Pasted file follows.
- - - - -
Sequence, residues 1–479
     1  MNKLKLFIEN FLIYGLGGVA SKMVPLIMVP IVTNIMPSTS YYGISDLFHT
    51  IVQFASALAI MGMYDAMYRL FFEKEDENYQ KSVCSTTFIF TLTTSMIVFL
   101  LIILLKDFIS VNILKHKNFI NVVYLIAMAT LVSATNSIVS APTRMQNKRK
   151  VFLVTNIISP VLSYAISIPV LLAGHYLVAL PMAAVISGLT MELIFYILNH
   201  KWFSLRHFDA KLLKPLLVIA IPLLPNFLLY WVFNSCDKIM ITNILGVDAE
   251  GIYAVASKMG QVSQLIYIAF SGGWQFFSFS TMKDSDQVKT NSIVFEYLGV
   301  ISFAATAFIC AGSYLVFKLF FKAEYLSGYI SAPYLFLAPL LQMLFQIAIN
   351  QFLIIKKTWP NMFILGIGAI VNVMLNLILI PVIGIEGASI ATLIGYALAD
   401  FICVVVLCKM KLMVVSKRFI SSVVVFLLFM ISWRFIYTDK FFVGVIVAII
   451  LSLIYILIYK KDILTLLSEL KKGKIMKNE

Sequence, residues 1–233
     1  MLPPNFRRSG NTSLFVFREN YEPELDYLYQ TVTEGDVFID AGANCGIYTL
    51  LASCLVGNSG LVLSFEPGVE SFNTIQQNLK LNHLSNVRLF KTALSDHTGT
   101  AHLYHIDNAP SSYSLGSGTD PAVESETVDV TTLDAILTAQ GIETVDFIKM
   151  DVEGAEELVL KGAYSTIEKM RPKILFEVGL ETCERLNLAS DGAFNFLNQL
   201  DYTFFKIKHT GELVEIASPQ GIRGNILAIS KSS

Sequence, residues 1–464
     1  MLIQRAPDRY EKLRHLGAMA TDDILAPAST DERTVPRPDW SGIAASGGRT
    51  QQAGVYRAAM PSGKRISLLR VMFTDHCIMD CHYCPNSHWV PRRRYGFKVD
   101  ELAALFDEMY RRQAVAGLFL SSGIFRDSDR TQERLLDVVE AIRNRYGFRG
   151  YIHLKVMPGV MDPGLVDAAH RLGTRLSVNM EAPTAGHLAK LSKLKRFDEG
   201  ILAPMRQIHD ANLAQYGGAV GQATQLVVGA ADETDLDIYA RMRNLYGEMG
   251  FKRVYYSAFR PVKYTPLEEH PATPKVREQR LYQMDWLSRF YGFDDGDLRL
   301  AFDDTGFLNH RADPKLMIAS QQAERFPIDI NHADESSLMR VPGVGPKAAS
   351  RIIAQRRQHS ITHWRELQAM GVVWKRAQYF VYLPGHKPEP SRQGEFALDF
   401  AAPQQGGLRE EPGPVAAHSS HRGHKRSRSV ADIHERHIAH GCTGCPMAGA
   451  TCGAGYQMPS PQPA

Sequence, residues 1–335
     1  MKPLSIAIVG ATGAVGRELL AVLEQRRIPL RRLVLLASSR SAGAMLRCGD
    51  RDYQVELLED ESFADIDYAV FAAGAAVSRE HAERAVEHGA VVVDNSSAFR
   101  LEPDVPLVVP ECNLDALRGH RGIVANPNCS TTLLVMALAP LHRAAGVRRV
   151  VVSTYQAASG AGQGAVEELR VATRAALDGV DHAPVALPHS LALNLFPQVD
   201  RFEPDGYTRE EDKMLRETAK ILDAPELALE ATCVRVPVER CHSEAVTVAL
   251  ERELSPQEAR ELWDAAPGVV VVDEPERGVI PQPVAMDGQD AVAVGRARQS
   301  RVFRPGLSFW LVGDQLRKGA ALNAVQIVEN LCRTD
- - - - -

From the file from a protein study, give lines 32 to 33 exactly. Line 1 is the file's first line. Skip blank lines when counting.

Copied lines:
   101  LEPDVPLVVP ECNLDALRGH RGIVANPNCS TTLLVMALAP LHRAAGVRRV
   151  VVSTYQAASG AGQGAVEELR VATRAALDGV DHAPVALPHS LALNLFPQVD